On April 2, Dr. Lucienne Ronco ’80 returned to campus to talk about science and technology at the Society of Skeptics, encouraging students to consider these exciting fields as they explore career options. She delivered her remarks at 7 p.m. in the Chiang Center for Innovation and Collaboration, pointing to her own career trajectory as a researcher and scientist.
“If students love to be lifelong learners, if they love challenge, if they love to work with other folks who like those same things, if they like to be creative and if they want to help people, then they could love this type of job,” said Dr. Ronco, who has served as vice president of translational medicine at Fulcrum Therapeutics since 2016. “The United States needs more scientifically oriented and technically adept people, there are huge demands for people with those skills.”
Prior to joining Fulcrum, Dr. Ronco was director of the Center for the Development of Therapeutics at the Broad Institute of the Massachusetts Institute of Technology and Harvard University. She also worked for many years at Catabasis Pharmaceuticals and AstraZeneca Boston, where she served as president of research and global director of translational medicine, respectively. Her other roles at AstraZeneca included local director of the departments of in vivo pharmacology, informatics and disease area research and the breast disease team scientific lead. Earlier in her career, Dr. Ronco was a senior research investigator at the Pfizer Discovery Technology Center. She completed her postdoctoral research at Harvard Medical School and earned her PhD in biological chemistry from the University of California, Los Angeles.
“At Skeptics, I used Fulcrum as an example of an exciting and dynamic workplace, speaking to the technical challenges that we will experience in the next 20-80 years in the U.S. and the world as global warming drives massive changes,” said Dr. Ronco. “We will need people dedicated to solving challenges, to being creative and to having technical skills to step up and bring solutions.”
At Fulcrum, Dr. Ronco works with project teams to help build strategies that support bringing new therapies to be tested in clinical trials. Noting that her role allows her to be creative and influential, Dr. Ronco credits her “awesome team of people with many different areas of expertise” for making her work so fulfilling as they build and deliver a plan for each new drug development project. “I also love that we can bring some relief and hope to patients with rare diseases who currently have no option,” she said.
The types of approaches that Dr. Ronco and her group bring to a clinical trial are essential to understanding if new medicines are effective. “Together with the medical doctors with whom I work, we develop a clinical strategy to prove if we have a useful new medicine,” she said.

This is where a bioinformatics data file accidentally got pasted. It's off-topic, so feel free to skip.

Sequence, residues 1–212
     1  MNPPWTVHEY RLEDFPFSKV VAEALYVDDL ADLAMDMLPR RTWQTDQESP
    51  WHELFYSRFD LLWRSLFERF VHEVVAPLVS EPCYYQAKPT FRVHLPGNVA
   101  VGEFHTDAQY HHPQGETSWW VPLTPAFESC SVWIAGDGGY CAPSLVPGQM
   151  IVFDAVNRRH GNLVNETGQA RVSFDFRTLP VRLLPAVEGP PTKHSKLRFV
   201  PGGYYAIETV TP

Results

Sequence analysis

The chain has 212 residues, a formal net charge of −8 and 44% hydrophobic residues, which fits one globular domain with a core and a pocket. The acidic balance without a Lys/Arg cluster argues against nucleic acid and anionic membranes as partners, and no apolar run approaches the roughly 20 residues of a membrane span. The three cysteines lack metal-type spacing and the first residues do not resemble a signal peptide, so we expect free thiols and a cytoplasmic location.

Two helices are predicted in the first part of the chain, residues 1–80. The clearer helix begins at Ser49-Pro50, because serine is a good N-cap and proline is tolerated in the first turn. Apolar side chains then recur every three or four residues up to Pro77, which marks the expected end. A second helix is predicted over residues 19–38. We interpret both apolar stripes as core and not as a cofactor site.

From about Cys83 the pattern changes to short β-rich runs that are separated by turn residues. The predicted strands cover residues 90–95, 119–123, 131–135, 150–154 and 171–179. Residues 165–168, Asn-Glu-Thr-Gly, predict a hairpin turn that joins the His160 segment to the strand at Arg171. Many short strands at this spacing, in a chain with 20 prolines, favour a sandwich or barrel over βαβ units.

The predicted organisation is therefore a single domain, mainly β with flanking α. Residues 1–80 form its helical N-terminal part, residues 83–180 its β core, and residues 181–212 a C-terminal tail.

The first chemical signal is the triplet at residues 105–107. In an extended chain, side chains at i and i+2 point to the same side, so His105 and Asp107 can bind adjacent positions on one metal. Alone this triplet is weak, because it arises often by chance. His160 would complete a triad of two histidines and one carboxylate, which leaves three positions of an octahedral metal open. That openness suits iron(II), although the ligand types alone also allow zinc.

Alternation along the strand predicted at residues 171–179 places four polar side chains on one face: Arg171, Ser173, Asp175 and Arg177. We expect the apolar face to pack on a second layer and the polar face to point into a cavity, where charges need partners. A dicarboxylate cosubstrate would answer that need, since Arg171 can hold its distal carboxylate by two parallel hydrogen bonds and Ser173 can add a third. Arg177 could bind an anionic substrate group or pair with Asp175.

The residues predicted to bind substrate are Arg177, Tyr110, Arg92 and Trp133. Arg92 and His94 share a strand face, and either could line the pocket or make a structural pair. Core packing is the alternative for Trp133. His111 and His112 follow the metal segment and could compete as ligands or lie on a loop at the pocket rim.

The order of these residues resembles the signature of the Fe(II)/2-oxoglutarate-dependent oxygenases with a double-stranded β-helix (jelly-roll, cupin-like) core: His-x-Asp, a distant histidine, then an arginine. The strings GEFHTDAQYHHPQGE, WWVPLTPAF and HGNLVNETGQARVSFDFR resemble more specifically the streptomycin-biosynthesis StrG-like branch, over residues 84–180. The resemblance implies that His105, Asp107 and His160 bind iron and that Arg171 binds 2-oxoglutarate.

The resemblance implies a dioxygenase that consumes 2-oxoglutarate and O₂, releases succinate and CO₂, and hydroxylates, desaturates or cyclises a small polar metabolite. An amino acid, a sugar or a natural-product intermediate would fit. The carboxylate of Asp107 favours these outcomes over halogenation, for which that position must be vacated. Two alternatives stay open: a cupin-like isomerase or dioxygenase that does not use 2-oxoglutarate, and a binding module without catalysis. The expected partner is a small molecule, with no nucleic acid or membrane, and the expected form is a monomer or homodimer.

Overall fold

Having worked for corporations and in academia, Dr. Ronco has a unique perspective as a scientist and researcher. “At each institution, we acquire new skills and learn from our colleagues and from the demands of our positions,” she concluded. “Our experiences as scientists shape our approach to our next role. I took this job with Fulcrum even before the company had started because I understood that their plans to work in rare disease that are caused by the improper over or under expression of a gene that is driving the pathology is an awesome plan—drug development is very hard! I learned that, by taking on the problem in this way, we could have some chance of success. I had seen what failed and what could succeed, and Fulcrum's plans were very exciting because I thought that we had a great shot at creating a new medicine.”
The History of Skeptics
The Society of Skeptics was established as a forum for students and faculty to discuss and debate important global issues; it has grown to become one of the premier high school lecture series in the United States. Each week, speakers from the political, social, scientific, economic and literary arenas share their unique perspectives with students, who are encouraged to engage with presenters, asking questions and debating points of view.
The program was an outgrowth of the Blair International Society, begun in 1937. Forty years later, former history department chair Elliott Trommald, PhD, Hon.’65, established the modern Skeptics program as a regular forum for student discussion and debate; history teacher Martin Miller, PhD, took over in the mid-1980s and molded the program into a weekly lecture series, one that has since continued without interruption. Under the tutelage of Dr. Miller, Skeptics has featured a wide variety of speakers who are engaging, accomplished in their respective fields and often controversial. For a listing of upcoming Skeptics programs, please click here.